The only jurisdiction in Canada that has fencing is New Brunswick...and right now they are broke. Fencing doesn't work as moose can still get through. Plus, drivers will get the false sense of security and go even faster, putting more motorists at risk. It just transfers one problem to another. This comes from a former NB resident.

  • Skeptical Cynic
    January 03, 2014 - 09:43

    Despite the shrill alarmists at SOPAC and their ilk, I firmly believe that the vast majority of moose-vehicle collisions are a result of driver error... recklessly excessive speeds combined with a cavalier lack of vigilance.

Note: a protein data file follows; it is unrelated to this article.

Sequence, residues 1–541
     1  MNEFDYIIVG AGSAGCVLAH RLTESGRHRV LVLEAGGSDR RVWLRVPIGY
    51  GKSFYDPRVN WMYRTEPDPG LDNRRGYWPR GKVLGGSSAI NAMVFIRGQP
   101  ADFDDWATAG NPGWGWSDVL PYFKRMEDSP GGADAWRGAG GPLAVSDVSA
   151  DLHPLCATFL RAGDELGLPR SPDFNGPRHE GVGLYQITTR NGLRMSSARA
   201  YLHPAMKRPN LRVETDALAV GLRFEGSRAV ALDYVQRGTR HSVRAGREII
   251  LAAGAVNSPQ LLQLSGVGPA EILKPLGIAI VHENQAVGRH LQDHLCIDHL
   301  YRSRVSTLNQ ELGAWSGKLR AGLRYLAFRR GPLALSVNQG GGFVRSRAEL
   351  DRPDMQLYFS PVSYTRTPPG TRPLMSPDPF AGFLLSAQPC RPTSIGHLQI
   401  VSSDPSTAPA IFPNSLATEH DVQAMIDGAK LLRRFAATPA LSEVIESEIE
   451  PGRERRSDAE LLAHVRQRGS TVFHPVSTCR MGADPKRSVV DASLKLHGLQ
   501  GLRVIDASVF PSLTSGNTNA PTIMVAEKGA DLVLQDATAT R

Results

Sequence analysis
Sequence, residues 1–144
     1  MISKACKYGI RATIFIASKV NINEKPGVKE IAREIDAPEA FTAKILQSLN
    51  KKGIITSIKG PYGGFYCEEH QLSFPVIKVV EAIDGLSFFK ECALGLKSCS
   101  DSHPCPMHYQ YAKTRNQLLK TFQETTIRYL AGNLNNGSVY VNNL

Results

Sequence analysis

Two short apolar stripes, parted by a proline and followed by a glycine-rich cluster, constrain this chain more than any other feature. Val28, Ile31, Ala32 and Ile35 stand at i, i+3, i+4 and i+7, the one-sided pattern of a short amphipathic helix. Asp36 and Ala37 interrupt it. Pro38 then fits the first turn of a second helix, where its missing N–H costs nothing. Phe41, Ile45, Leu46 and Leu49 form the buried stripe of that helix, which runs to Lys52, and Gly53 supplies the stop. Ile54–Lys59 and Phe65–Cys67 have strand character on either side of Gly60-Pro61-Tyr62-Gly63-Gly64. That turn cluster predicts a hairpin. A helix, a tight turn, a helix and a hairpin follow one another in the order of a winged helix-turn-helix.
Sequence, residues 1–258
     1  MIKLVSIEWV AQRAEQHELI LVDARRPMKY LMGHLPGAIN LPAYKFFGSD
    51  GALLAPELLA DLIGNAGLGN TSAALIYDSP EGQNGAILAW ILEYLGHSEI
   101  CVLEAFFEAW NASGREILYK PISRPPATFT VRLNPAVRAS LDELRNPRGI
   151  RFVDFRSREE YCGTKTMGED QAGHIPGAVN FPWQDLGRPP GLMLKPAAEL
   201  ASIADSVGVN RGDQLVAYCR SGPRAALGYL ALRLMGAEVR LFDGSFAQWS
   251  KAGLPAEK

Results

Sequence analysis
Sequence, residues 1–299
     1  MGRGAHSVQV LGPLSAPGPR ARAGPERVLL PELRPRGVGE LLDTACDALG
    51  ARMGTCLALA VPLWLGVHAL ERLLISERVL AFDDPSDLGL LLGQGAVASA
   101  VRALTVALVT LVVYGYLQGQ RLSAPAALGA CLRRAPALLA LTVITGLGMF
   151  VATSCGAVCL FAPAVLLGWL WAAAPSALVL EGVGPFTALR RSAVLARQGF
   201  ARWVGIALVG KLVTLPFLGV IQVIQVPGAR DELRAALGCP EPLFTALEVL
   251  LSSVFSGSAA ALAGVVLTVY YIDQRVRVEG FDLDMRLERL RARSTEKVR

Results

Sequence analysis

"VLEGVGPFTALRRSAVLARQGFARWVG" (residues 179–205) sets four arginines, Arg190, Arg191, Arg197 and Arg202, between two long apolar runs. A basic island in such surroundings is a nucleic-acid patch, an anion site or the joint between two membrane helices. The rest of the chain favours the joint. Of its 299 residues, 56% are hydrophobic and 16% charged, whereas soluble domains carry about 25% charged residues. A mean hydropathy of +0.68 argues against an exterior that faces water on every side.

• when caribou fly.
    January 03, 2014 - 09:20

    I agree with Moose-Fencing what could possibly go wrong with fencing half of the island off? If caribou want to migrate, they'll just evolve wings.

  • Anon
    January 03, 2014 - 09:18

    Moose are statistically safer than driving down the outer-ring. I'm more worried about idiots flying down Columbus Drive and Thorburn road killing a pedestrian this winter than I am about moose. How many did they kill last year? Zero? Right. We need a cull. Pa-Lease.

  • Cashin Delaney
    January 03, 2014 - 07:08